CochlearImplantFF

Changing patients' lives through cochlear implant surgery since 1988

A cochlear implant is different from a hearing aid because it bypasses the damaged cochlea and sends electrical sound signals directly to the auditory (hearing) nerve. There are two parts to the device—an internal portion, placed during outpatient surgery, and an external processor, programmed weeks after the surgery. The external processor, which looks much like a large behind-the-ear hearing aid, captures sound from the environment, processes the sound into digital information and then sends this data to the electrode array inside the cochlea.


Cochlear implants are not a cure for hearing loss. The cochlear implant recipient continues to have a severe or profound hearing loss when not wearing the speech processor. However, cochlear implants can help a person understand speech. Children and adults can benefit with the use of a cochlear implant. 

Why choose Ohio State for cochlear implant treatment?

At OSU Hearing Professionals, our philosophy is simple: To provide individuals with quality, state-of-the-art audiological services while maintaining a caring, understanding patient atmosphere. We continue to expand the scope of our practice as technology moves forward and, as a result, offer many services related to the diagnosis and rehabilitation of the auditory system.

Our first adult cochlear implant surgery took place in 1988. Since that time, our physicians have performed hundreds of implant surgeries on adults and children. The children of our program are referred to audiologists who specialize in providing services to the pediatric population.


Cochlear Implant Evaluation

Please bring your current hearing aids and earmolds with you to your first visit. The audiologist will test your hearing with and without hearing aids. If you do not have hearing aids, or if your current hearing aids are no longer appropriate, we may loan hearing aids to you or you may need to purchase them. It may be necessary for you to wear the loaner hearing aids for a certain period of time before testing can be completed. 

It may take several visits to determine if you are a candidate for a cochlear implant. We encourage you to bring close family members or friends to your appointments.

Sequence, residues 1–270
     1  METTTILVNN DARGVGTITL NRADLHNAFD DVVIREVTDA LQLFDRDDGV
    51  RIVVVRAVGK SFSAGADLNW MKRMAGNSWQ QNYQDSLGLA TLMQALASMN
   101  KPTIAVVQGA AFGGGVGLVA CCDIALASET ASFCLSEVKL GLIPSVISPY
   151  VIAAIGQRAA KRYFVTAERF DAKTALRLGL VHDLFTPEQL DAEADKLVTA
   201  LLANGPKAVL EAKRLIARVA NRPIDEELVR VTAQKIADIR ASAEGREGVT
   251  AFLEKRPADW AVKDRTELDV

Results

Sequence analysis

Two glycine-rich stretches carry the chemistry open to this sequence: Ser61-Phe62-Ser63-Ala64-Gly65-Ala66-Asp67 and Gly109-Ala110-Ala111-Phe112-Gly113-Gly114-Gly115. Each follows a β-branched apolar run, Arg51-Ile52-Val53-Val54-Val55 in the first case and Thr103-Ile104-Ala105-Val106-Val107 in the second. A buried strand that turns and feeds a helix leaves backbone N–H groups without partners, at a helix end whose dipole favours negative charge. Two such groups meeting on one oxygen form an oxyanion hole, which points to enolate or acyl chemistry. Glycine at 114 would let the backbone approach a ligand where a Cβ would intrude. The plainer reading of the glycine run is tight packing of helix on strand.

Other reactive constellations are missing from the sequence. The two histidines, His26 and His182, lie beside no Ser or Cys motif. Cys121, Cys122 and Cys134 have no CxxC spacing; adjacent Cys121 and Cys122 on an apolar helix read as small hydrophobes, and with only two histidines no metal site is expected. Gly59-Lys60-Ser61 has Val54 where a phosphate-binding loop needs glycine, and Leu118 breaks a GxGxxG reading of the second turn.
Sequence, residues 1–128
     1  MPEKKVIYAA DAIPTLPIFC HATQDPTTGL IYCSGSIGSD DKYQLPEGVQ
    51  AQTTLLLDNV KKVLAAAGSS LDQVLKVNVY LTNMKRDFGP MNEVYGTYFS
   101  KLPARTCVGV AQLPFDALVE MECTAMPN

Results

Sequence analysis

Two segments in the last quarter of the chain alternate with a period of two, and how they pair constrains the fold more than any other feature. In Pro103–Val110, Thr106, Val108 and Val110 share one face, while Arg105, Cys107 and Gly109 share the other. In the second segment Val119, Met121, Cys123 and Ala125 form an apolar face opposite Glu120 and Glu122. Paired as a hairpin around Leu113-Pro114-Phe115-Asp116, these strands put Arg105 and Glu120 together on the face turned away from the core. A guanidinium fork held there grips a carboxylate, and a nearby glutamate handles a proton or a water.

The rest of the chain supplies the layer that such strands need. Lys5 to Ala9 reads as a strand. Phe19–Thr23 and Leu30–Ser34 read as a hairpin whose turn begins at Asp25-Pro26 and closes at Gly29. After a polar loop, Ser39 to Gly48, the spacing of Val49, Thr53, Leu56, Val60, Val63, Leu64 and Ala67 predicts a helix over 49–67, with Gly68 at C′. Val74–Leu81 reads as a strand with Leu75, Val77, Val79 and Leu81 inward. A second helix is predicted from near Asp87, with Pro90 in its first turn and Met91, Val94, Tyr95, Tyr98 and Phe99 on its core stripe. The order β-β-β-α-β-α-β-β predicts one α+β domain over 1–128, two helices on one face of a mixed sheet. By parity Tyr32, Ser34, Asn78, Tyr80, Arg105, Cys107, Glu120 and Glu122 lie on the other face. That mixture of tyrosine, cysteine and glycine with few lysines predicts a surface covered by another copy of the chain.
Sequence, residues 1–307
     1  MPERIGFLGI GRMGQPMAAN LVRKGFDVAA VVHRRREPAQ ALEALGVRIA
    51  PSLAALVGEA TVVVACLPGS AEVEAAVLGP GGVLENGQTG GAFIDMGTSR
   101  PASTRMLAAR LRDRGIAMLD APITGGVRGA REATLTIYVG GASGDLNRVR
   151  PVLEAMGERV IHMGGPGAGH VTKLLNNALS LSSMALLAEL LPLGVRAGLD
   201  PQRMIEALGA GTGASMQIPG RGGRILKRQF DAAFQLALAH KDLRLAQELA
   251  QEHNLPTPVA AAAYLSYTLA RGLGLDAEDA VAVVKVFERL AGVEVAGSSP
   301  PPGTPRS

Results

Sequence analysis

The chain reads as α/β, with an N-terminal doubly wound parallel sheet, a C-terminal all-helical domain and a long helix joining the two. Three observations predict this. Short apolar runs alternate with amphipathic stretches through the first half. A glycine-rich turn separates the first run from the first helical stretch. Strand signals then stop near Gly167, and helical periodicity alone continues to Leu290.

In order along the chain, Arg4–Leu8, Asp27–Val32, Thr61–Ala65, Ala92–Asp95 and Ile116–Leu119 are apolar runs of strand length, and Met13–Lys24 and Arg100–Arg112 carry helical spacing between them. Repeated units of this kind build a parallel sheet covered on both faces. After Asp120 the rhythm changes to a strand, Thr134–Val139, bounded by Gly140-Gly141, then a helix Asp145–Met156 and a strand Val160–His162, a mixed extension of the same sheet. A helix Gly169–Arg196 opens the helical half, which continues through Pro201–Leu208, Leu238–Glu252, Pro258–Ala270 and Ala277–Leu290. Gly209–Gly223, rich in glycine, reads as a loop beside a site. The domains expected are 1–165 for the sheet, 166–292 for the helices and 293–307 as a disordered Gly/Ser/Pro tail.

Once your audiologist determines that you meet the candidacy criteria for the implant, you will be scheduled with an otologist. If the otologist finds that a cochlear implant is medically appropriate, the otologist's assistant will obtain insurance authorization for the procedure. Once authorization is obtained, surgery will be scheduled. 

The internal cochlear implant array is surgically placed during an outpatient visit to the hospital. The fitting of the external processor is performed approximately four weeks after the surgery.

Cochlear Implant Follow-Up

Several follow-up appointments are needed to adjust the external processor over a period of three to four months. After the initial adjustment period, patients are typically seen on an annual basis.

New users need to practice listening to achieve maximum performance. Factors that contribute to the success of the implant include length of deafness, speech and language development, medical history, support from family and friends and patient motivation.

The adults in our program are typically very pleased with their implants. Within a few months of surgery, many have enhanced lip-reading abilities, improved hearing when wearing their processor and an increased awareness of environmental sounds. With time and practice, many recipients use the phone to some degree and their word recognition ability may improve significantly compared to pre-operative performance with hearing aids. Our implant team is made up of audiologists and neurotology surgeons who see patients at the Eye and Ear Institute location and at our Dublin office.

If you would like to know if a cochlear implant is the right step for you, contact us to schedule a cochlear implant evaluation with an OSU hearing professional.

Preserving hearing with cochlear implants

Dr. Edward Dodson explains the advancements in cochlear implants.

Our Audiologists

LauraFeeney

Laura Feeney, AuD

Audiologist, OSU Hearing Professionals

Laura Feeney, AuD, earned both her bachelor’s degree in Speech and Hearing Science and her doctoral degree in Audiology from The Ohio State University. She has been with the Department of Otolaryngology–Head and Neck Surgery since 2007. She is board certified by the American Board of Audiology and is a member of the American Academy of Audiology and the Ohio Academy of Audiology. Laura’s interests include basic audiological testing and working with patients with hearing aids and cochlear implants.